Step2:

In addition to the above, to configure any global options, define the corresponding blocks to contain them along with their new values in “nfs-ganesha.conf” file. For example,

NFSv4
{
    # Lifetime for NFSv4 Leases
    Lease_Lifetime = 60 ;
}

Sample file containing various such options is available as README file in the git repo – https://github.com/soumyakoduri/nfs-ganesha/blob/README/src/FSAL/FSAL_GLUSTER/README .

Note: An exclusive list of all such options available can be found at “/root/nfs-ganesha/src/config_samples/config.txt” or https://github.com/nfs-ganesha/nfs-ganesha/blob/master/src/config_samples/config.txt

Step3:

When there are many volumes/sub-directories to be exported, for better readability, you can choose to define EXPORT blocks for each of those entries in separate files and include them in nfs-ganesha.conf  (as shown below) at the end.

%include "export.conf"

Step4:

To start nfs-ganesha manually, execute the following command:

#ganesha.nfsd -f <location_of_nfs-ganesha.conf_file> -L <location_of_log_file> -N <log_level> -d

For example:

#ganesha.nfsd -f /root/build/nfs-ganesha.conf -L nfs-ganesha.log -N NIV_DEBUG -d

where:

nfs-ganesha.log is the log file for the ganesha.nfsd process.

NIV_DEBUG is the log level.

The above 4 steps should be able to get you started with nfs-ganesha. After following above steps, verify if the volume is exported.

To check if nfs-ganesha has started, execute the following command:

#ps aux | grep ganesha

To check if the volume is exported, run

#showmount -e localhost

Additional Notes:

To switch back to gluster-nfs/kernel-nfs, kill the ganesha daemon and start those services using the below commands –

#pkill ganesha
#service nfs start (for kernel-nfs)
#gluster vol set <volname> nfs.disable OFF

Hope this document helps you to  configure NFS-Ganesha using GlusterFS. For any queries/troubleshooting, please leave in your comment. Will be glad to help you out.

References:

https://github.com/nfs-ganesha/nfs-ganesha/wiki

http://archive09.linux.com/feature/153789

https://forge.gluster.org/nfs-ganesha-and-glusterfs-integration/pages/Home

http://humblec.com/libgfapi-interface-glusterfs/

Web Interface to manage Gluster Nodes

Ovirt is an open source tool used to create/manage gluster nodes through an easy to use web interface.

This document is to cover how gluster can be used with ovirt.

Want to manage gluster nodes with ease using ovirt ?  Create your own ovirt by following these simple steps.

Machine Requirements :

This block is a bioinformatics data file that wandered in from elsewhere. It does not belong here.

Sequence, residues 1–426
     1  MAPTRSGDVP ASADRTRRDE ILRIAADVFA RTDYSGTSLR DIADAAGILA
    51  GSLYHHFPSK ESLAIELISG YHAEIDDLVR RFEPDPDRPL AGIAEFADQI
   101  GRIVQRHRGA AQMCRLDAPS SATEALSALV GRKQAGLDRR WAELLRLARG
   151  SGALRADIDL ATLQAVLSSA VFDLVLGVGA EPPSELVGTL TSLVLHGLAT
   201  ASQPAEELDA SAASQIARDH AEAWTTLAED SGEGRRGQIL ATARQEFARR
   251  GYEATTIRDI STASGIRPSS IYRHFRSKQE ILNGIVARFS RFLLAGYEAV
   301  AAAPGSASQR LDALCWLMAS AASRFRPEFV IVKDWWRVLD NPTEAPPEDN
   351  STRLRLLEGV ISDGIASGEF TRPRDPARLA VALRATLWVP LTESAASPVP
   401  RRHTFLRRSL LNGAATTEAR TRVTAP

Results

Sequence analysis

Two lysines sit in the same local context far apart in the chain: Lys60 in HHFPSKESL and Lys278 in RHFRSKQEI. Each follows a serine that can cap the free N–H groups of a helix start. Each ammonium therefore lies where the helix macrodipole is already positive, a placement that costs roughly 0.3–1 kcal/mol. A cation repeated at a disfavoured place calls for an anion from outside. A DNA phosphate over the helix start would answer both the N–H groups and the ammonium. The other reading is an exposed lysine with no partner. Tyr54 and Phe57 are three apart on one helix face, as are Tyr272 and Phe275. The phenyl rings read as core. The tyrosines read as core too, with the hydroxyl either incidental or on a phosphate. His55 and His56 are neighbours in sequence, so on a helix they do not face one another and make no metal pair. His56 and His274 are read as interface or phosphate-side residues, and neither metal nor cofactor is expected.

• Fedora19  with 4GB of memory(minimum) and 20GB of hard disk space.
  • Recomended Browsers:
  • Mozilla Firefox 17
  • IE9  and above for the web admin portal.

Installation steps:

  •  Download and install fedora19 ISO.
  • Add the official ovirt repository for fedora yum localinstall http://resources.ovirt.org/releases/ovirt-release.noarch.rpm” 
  •  Install ovirt-engine by running the command  “yum install -y ovirt-engine.”
  • Once the installation is completed, run the command to set up ovirt with gluster, “engine-setup”

Once you run the above command, user will be prompted with the below questions . Provide the answer as follow.

The installer will take you through a series of interactive questions as listed in the following example. If you do not enter a value when prompted, the installer uses the default settings which are stated in [ ] brackets.

The default ports 80 and 443 must be available to access the manager on HTTP and HTTPS respectively.

[ INFO ] Stage: Initializing
[ INFO ] Stage: Environment setup
Configuration files: [‘/etc/ovirt-engine-setup.conf.d/10-packaging.conf’]
Log file: /var/log/ovirt-engine/setup/ovirt-engine-setup-20140411224650.log
Version: otopi-1.2.0 (otopi-1.2.0-1.fc19)
[ INFO ] Stage: Environment packages setup
[ INFO ] Yum Status: Downloading Packages
[ INFO ] Yum Download/Verify: iproute-3.12.0-2.fc19.x86_64
[ INFO ] Yum Status: Check Package Signatures
[ INFO ] Yum Status: Running Test Transaction
[ INFO ] Yum Status: Running Transaction
[ INFO ] Yum update: 1/2: iproute-3.12.0-2.fc19.x86_64
[ INFO ] Yum updated: 2/2: iproute
[ INFO ] Yum Verify: 1/2: iproute.x86_64 0:3.12.0-2.fc19 – u
[ INFO ] Yum Verify: 2/2: iproute.x86_64 0:3.9.0-1.fc19 – ud
[ INFO ] Stage: Programs detection
[ INFO ] Stage: Environment setup
[ INFO ] Stage: Environment customization

–== PRODUCT OPTIONS ==–

–== PACKAGES ==–

[ INFO ] Checking for product updates…
[ INFO ] No product updates found

–== NETWORK CONFIGURATION ==–

Host fully qualified DNS name of this server [localhost.localdomain]:  [ Give the FQDN  / locally resolvable host]

If user does not provide a FQDN, setup will result in the following warning.

[WARNING] Failed to resolve localhost.localdomain using DNS, it can be resolved only locally
Setup can automatically configure the firewall on this system.
Note: automatic configuration of the firewall may overwrite current settings.

Do you want Setup to configure the firewall? (Yes, No) [Yes] : Yes

[ INFO ] firewalld will be configured as firewall manager.

–== DATABASE CONFIGURATION ==–

Where is the Engine database located? (Local, Remote) [Local]: Local

Setup can configure the local postgresql server automatically for the engine to run. This may conflict with existing applications.
Would you like Setup to automatically configure postgresql and create Engine database, or prefer to perform that manually? (Automatic, Manual) [Automatic]: Automatic

–== OVIRT ENGINE CONFIGURATION ==–

Application mode (Both, Virt, Gluster) [Both]: Gluster (The input being provided here is Gluster, as we are interested only to monitor gluster nodes).

Engine admin password:  [provide a password, which would be used to login]
Confirm engine admin password: [confirm the password]

If the password provided is too short, setup results in an warning as below.

[WARNING] Password is weak: it is based on a dictionary word
Use weak password? (Yes, No) [No]: [provide yes, if you want to use the short password]

–== PKI CONFIGURATION ==–

Organization name for certificate [localdomain]: ABCD

–== APACHE CONFIGURATION ==–

Setup can configure apache to use SSL using a certificate issued from the internal CA.
Do you wish Setup to configure that, or prefer to perform that manually? (Automatic, Manual) [Automatic]: [Automatic]